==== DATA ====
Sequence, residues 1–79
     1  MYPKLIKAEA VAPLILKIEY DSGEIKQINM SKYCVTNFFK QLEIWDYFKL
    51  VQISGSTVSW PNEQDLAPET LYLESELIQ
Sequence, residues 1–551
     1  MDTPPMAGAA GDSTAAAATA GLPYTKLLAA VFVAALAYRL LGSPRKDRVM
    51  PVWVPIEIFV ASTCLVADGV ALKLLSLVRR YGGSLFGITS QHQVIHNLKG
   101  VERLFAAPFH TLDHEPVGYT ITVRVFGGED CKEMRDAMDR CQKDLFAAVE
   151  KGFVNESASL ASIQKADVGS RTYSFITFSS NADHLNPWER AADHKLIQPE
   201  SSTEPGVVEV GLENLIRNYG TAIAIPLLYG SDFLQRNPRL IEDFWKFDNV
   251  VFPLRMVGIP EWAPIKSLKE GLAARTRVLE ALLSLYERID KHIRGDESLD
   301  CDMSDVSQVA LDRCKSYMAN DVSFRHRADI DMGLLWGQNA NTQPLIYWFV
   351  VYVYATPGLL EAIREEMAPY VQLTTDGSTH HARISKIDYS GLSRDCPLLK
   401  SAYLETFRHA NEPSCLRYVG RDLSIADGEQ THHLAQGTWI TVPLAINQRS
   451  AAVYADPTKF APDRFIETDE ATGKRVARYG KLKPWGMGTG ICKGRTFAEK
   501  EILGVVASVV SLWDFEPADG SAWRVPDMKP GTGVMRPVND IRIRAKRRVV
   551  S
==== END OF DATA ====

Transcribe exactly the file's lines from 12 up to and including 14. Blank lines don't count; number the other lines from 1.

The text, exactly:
   351  VYVYATPGLL EAIREEMAPY VQLTTDGSTH HARISKIDYS GLSRDCPLLK
   401  SAYLETFRHA NEPSCLRYVG RDLSIADGEQ THHLAQGTWI TVPLAINQRS
   451  AAVYADPTKF APDRFIETDE ATGKRVARYG KLKPWGMGTG ICKGRTFAEK